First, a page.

The African Development Bank (AfDB) president Donald Kaberuka said the summit offered US business leaders a chance to get accurate information on opportunities presented by African economies.
“It was important for government officials and business leaders to come here and close that information gap, to talk about the future and opportunities in the continent,” Kaberuka told CNBC Africa.
“There are people still stuck in the Africa of yesteryear and they have difficulties with understanding the situation prevailing in the region.”
Kaberuka explained that there was an attempt to define Africa with a narrative of the past.
Commenting on the relations between US and Africa, he noted that the global dynamics had shifted the balance of power with the US now treating Africa as a partner.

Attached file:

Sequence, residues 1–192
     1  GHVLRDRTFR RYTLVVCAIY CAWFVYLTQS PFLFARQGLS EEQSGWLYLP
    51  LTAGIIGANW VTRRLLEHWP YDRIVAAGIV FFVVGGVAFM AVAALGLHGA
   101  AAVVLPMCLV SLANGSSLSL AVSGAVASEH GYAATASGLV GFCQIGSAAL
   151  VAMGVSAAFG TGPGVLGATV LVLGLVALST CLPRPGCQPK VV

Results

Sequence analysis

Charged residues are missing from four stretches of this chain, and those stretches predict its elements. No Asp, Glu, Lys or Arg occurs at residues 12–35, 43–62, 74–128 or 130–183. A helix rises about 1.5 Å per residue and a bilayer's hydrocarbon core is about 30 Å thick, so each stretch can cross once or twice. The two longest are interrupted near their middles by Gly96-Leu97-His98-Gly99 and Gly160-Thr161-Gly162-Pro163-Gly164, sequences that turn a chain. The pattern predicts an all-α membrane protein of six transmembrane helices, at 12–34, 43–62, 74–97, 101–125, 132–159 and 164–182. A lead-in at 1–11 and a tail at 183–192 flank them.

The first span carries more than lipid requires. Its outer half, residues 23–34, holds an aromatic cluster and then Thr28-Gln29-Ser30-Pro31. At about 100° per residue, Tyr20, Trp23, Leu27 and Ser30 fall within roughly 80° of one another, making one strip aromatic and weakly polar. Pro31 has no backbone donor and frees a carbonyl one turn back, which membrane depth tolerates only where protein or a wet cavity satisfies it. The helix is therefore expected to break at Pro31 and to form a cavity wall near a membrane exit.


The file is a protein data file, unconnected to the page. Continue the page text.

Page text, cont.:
“I think it is a very important point of departure in a sense that for the first time we are redefining the relationship between the US and Africa in a respectful and mutually beneficial way,” said Kaberuka.
“Over the last ten years there have been tectonic shifts in the world economy, global trade and inside Africa.”
Kaberuka added that the AfDB was looking for prospects of increasing the share of private equity which was currently very limited in terms of what can be done in Africa.
“The lack of liquid stock exchanges is a problem because investors looking for exit are looking for a mechanism so I hope to see more private equity,” he said.
“I am hoping that after this conference there will be a mechanism to follow up with some of the large equity funds in the world.”
Kaberuka dismissed some media reports suggesting there was a new scramble for Africa.
(WATCH VIDEO: Scramble for private equity in southern Africa)
“I don’t call this a scramble for Africa but rather a rush for opportunities.”